Luxembourg non-profit environmental organisation Greenpeace has raised concerns over the recent purchase of European Central Bank (ECB) bonds, which the NGO argues have contributed to carbon emissions.
In a press release issued on Wednesday, Greenpeace Luxembourg stated that the ECB has invested more than €7.6 billion in fossil fuels in response to the coronavirus pandemic. A Greenpeace analysis revealed that between mid-March and mid-May 2020, the ECB bought almost €30 billion in corporate bonds, including more than €7.6 billion injected into fossil fuels. With the purchase of bonds from seven major polluters alone, the ECB has reportedly contributed to an estimate of 11.2 million tonnes of carbon emissions to the atmosphere - more than all of Luxembourg’s annual emissions. The ECB's Governing Council will meet tomorrow to discuss a review of its monetary strategy.
According to Greenpeace Luxembourg, the breakdown of ECB bond purchases reveals that €4.4 billion went to energy suppliers including major polluters such as Engie or EON and more than € 3.2 billion has gone to the oil and gas industry (Shell being one of the bonds purchased) for an estimated carbon footprint of around eight million tonnes.
The NGO recalled that the ECB is one of the largest buyers of bonds in the world, as well as the regulator of euro area banks. Greenpeace thus maintained that any purchase of assets by the EU's main monetary institution has a massive influence on the fossil fuel industry, which not only plays a role in Europe's green recovery from the health crisis, but also continues to fuel the climate crisis.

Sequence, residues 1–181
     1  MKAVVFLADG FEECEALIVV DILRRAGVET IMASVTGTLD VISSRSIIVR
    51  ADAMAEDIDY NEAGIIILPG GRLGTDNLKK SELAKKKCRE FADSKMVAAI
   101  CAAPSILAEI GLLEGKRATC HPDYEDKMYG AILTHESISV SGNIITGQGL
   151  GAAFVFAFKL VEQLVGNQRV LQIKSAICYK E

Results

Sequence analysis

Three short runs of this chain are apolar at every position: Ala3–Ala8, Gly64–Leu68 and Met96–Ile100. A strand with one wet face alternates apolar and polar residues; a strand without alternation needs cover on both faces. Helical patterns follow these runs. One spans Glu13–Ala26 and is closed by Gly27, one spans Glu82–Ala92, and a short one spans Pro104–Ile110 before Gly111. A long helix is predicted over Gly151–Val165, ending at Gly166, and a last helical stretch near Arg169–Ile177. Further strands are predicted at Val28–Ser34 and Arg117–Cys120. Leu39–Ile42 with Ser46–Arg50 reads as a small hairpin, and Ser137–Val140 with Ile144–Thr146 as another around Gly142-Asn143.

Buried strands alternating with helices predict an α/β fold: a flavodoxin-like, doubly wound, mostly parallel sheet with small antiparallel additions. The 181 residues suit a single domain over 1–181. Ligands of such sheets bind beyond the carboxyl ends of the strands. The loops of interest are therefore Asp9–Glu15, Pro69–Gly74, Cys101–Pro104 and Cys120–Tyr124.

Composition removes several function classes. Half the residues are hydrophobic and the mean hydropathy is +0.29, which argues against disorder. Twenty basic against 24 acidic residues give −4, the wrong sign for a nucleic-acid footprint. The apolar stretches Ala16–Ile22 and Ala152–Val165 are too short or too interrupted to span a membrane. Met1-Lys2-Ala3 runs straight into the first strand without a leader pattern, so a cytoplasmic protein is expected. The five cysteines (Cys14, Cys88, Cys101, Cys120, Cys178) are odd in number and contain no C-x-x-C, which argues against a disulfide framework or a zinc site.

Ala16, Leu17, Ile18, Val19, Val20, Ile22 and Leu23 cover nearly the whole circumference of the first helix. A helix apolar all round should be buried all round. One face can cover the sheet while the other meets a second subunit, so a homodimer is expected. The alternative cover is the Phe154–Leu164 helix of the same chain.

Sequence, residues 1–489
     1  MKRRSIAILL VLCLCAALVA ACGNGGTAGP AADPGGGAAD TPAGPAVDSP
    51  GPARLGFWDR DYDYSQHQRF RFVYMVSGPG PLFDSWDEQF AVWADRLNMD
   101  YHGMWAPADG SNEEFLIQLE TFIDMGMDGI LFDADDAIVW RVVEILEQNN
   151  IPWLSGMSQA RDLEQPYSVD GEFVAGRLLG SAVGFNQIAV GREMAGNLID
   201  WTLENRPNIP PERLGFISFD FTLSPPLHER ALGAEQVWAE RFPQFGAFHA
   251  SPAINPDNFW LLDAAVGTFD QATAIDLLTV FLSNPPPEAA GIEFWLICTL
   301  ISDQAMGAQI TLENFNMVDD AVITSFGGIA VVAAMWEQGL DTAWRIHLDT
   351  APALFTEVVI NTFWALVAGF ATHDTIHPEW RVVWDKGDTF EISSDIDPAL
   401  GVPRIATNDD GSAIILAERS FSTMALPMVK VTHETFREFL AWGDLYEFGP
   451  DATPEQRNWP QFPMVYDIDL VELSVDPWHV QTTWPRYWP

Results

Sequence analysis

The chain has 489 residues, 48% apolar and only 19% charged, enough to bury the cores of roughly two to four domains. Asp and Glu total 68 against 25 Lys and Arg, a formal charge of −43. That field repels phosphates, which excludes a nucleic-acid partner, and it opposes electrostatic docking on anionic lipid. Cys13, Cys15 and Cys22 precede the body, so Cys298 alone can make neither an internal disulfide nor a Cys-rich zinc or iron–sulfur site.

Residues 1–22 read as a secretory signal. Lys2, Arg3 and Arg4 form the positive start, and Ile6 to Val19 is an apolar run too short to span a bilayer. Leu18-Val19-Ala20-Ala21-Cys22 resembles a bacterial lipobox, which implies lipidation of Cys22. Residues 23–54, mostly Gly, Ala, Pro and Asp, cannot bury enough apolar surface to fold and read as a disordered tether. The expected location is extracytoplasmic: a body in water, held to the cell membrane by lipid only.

Martina Holbach, Climate and Sustainable Finance Campaigner for Greenpeace, commented: “The ECB and the other central banks must change. The assets purchased by the ECB in response to the COVID-19 pandemic are contributing to the climate emergency. "Business as usual" is not an option and the climate crisis continues to worsen. Public money should no longer be invested in fossil fuels. The ECB must exclude them, along with other high-emission assets, from future purchases".
Greenpeace has thus requested that the ECB exclude fossil fuel companies from quantitative easing and that the revision of its monetary policy leads to taking financial climate risks into account in all of the institution's operations.